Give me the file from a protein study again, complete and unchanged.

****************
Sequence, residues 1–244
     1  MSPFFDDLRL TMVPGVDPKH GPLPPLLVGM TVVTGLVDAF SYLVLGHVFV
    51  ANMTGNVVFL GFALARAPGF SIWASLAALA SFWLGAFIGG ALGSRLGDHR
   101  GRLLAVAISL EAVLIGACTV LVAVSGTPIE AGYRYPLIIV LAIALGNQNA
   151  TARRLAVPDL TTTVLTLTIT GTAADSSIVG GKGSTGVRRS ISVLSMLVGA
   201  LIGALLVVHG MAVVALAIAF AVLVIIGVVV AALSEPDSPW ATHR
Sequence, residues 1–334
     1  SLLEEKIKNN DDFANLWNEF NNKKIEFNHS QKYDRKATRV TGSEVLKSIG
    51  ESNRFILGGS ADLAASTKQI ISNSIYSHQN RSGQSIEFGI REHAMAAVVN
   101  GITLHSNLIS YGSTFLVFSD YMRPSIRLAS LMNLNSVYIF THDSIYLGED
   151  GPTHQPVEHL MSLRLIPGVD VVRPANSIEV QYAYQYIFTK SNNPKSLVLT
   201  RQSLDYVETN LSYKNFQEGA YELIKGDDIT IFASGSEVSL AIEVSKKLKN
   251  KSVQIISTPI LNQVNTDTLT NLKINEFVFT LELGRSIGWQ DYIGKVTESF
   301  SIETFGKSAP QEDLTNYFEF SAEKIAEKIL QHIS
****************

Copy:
Sequence, residues 1–244
     1  MSPFFDDLRL TMVPGVDPKH GPLPPLLVGM TVVTGLVDAF SYLVLGHVFV
    51  ANMTGNVVFL GFALARAPGF SIWASLAALA SFWLGAFIGG ALGSRLGDHR
   101  GRLLAVAISL EAVLIGACTV LVAVSGTPIE AGYRYPLIIV LAIALGNQNA
   151  TARRLAVPDL TTTVLTLTIT GTAADSSIVG GKGSTGVRRS ISVLSMLVGA
   201  LIGALLVVHG MAVVALAIAF AVLVIIGVVV AALSEPDSPW ATHR
Sequence, residues 1–334
     1  SLLEEKIKNN DDFANLWNEF NNKKIEFNHS QKYDRKATRV TGSEVLKSIG
    51  ESNRFILGGS ADLAASTKQI ISNSIYSHQN RSGQSIEFGI REHAMAAVVN
   101  GITLHSNLIS YGSTFLVFSD YMRPSIRLAS LMNLNSVYIF THDSIYLGED
   151  GPTHQPVEHL MSLRLIPGVD VVRPANSIEV QYAYQYIFTK SNNPKSLVLT
   201  RQSLDYVETN LSYKNFQEGA YELIKGDDIT IFASGSEVSL AIEVSKKLKN
   251  KSVQIISTPI LNQVNTDTLT NLKINEFVFT LELGRSIGWQ DYIGKVTESF
   301  SIETFGKSAP QEDLTNYFEF SAEKIAEKIL QHIS